Studies show you’re not alone.

The fear of going to the dentist is estimated to affect 9-15% of the population.

Dental anxietyOf course, the real danger is that the fear will stop people from going to the dentist early to take care of a condition. As the condition worsens, those people will end up at the dentist—but for emergency services, which might make their fears a reality. It’s a vicious cycle, right?

You might think that people who have a definite phobia of going to the dentist would take better care of their teeth so that they won’t need to go. But it’s not that simple. Research shows that the very fear of going to the dentist affects the way people treat their teeth. They are more likely to have worse dental health because the dread is linked to how they feel about their mouth in general.

Even if you don’t have a full-blown phobia, though, dental anxiety is not completely unwarranted. It’s not even unusual for most people to feel a twinge of stress when they go to the dentist. (Some studies have concluded that 75% of people have at least some fear about dental visits)! Why is that? What is it about the dentist that makes people feel this way?

Human Biology

It’s not just early childhood memories that may be causing your anxiety. There may be biological reasons why we don’t want dentists in our mouths. Your mouth is a sensitive and vulnerable part of your body. Several basic needs may be threatened through the mouth, including your air supply. Our deeply-ingrained biological survival mechanisms may be at work when the anxiety sets in. Avoidance is a natural response to feeling discomfort or pain.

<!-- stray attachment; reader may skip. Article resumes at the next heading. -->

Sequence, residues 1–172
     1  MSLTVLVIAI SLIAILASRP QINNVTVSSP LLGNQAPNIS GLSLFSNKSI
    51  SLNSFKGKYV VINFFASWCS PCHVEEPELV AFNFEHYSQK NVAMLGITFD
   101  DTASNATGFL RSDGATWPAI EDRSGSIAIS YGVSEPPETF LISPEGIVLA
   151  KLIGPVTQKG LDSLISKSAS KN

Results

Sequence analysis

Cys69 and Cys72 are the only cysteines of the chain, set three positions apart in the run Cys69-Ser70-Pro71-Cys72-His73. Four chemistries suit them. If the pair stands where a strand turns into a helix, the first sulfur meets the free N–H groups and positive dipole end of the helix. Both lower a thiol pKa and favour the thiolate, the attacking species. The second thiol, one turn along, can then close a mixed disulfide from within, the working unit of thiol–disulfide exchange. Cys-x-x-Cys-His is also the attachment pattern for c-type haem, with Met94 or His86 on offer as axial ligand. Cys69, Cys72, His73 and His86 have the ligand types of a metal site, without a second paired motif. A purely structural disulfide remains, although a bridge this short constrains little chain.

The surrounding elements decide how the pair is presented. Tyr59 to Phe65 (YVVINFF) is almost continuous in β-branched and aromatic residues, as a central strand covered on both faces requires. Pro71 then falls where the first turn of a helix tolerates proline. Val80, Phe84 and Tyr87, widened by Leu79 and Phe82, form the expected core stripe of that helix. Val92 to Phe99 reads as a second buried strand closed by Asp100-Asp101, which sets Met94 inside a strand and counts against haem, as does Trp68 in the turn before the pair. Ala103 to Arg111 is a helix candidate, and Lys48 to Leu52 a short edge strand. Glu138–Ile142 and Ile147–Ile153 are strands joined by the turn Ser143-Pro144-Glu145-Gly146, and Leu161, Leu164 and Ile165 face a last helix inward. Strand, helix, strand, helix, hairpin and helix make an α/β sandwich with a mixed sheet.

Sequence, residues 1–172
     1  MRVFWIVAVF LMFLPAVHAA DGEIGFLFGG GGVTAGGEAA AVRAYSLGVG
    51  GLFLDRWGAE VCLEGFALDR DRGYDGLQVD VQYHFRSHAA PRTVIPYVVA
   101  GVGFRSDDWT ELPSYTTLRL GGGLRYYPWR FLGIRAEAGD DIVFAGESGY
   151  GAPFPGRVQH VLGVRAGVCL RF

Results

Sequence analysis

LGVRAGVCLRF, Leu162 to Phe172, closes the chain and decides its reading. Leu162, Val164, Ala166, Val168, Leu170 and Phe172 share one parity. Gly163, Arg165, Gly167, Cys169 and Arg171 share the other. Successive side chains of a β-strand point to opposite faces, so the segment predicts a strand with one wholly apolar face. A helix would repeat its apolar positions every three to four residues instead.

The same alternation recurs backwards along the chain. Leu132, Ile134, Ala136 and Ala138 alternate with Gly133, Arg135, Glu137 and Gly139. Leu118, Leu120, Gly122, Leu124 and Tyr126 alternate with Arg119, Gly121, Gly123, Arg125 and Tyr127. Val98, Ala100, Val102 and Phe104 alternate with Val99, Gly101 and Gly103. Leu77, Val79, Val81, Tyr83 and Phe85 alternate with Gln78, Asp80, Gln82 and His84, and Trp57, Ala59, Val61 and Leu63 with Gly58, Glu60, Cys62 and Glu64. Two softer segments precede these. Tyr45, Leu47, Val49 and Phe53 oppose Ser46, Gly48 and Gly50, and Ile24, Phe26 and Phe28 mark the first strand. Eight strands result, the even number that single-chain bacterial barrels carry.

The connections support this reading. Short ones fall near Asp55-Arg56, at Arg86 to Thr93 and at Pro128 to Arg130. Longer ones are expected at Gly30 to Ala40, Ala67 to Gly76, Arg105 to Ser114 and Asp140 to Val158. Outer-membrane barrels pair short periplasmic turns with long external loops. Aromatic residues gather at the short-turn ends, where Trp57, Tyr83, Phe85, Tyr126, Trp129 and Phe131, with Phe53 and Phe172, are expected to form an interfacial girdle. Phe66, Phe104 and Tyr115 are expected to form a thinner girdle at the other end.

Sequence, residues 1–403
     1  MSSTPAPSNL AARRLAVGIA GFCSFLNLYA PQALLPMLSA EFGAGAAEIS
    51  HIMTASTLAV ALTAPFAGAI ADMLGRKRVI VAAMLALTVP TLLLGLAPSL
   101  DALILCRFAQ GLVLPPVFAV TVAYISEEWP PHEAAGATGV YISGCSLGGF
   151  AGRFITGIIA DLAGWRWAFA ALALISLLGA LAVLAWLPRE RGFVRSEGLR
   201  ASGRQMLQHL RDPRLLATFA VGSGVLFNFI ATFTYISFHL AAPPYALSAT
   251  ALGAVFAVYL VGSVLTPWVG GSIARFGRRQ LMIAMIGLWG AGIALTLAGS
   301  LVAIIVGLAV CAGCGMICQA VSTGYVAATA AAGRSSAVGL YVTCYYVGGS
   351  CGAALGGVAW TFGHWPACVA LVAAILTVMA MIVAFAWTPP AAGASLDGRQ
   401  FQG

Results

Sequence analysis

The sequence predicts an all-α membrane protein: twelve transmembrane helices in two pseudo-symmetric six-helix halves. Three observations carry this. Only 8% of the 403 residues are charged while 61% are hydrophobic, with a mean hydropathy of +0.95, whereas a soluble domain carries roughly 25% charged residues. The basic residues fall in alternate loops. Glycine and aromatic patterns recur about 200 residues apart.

The Need For Control

Personalities with a strong need for control tend to feel very helpless as a dental patient. When you’re in the chair, you have no control of the situation. And if you’ve had traumatic experiences (whether with the dentist or not), that may only intensify these feelings. Our experiences with the dentist can further magnify or diminish our fear.

Handling Dental Anxiety

If you feel dental anxiety, remember that the most damage it can do is to prevent you from showing up at your dentist’s’ office and thus jeopardize your health. It’s important to talk to your dentist at once about your anxiety.

Remember, most people feel this way at least to a certain extent, and it is a natural reaction to having someone poke around in your mouth. So don’t be embarrassed–be direct. Your dentist will then be able to understand up front and strategize ways to make your treatment experience easier.

Another tip is to bring along someone who you know and trust, and who does not have similar fears. Family members who feel the same way as you are unlikely to alleviate your anxieties. So be intentional about who you pick! Also, when you’re with the dentist, you can think about things that will help you feel more in control of the situation. For example, if you find that the horizontal angle of the chair is intimidating, ask to have it positioned more vertically.

Finally, consider making a special appointment with our Penn doctors. We want all our patients to feel comfortable at our clinic. Our goal is to create an easy transition for you and your family, so that you can have improved dental health and less fear every time you come to the dentist.

Fill out this form to be contacted so that you can get dental treatment from our sensitive doctors at Penn Dental Medicine. We want to help you overcome your fear by giving you gentle care that improves your life and health.

 

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